News Release

FamilySearch to Participate in 1950 US Census Community Project 

Online volunteers to make historic records searchable online

FamilySearch International today announced its participation in the 1950 U.S. Census Community Project. The announcement is being described as the next major milestone in family history. The U.S. Census Bureau collections are some of the most popular online databases used by millions of people for family history research. 

FamilySearch, sponsored by The Church of Jesus Christ of Latter-day Saints, is inviting online volunteers to assist in making the 1950 census easier for everyone to search and discover their family connections. The project is also receiving additional support from Ancestry.com and other organizations. Ancestry will use state-of-the-art handwriting recognition technology to scan the census images and make a functioning searchable index.

On April 1, 2022, the National Archives and Records Administration (NARA) of the United States will make digital images of the 1950 census available to the world. Protected by law for 72 years, this long-awaited census will be the most comprehensive record set available of those living in that historic era in the U.S. Most people in the U.S. today can remember an ancestor who can be found in the 1950 census.

This unique crowdsourcing project, the largest census undertaking to date, will make the 150 million records of the individuals found on the census’s tens of thousands of digital images searchable online. Starting with a computer-generated index provided by Ancestry, volunteers can help ensure the index is complete and accurate by reviewing and improving what has been done through automation.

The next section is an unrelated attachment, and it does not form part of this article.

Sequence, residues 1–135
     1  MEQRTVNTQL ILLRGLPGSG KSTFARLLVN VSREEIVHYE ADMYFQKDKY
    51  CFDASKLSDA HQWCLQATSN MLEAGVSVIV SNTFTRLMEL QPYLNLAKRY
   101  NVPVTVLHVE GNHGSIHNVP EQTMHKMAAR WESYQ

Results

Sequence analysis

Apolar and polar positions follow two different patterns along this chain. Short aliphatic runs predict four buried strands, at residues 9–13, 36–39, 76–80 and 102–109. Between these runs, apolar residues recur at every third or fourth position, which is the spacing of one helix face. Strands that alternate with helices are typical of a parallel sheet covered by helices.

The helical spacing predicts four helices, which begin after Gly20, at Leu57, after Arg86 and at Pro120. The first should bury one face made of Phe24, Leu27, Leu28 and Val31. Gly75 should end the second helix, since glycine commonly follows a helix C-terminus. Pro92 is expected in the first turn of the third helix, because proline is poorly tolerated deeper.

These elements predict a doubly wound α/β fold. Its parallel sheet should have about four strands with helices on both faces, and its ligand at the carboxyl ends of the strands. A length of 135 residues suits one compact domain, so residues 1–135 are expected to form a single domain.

1950 US Census

The 1950 census includes the records of 40,000,000 people born during this era of baby boomers. Information includes name, age, gender, race, education and place of birth. The census also posed more detailed questions that will cast a refreshing light on the preceding decade—which included World War II and the return of U.S. troops.

Enthusiasm and interest in the 1950 census have been building steadily since the release of the 1940 census in 2012. It also ushered in the civil rights movement, rock ’n’ roll, suburban living and a wave of innovations.

Although the 1950 census is notably larger than the 1940 census, thanks to advancements in technology, the anticipated help of online volunteers and community support, the project is expected to be completed in a few months following NARA’s census release.

To stay on top of the 1950 U.S. Census Community Project’s updates or to volunteer to help create the rich, searchable index, subscribe to FamilySearch.org/1950census.

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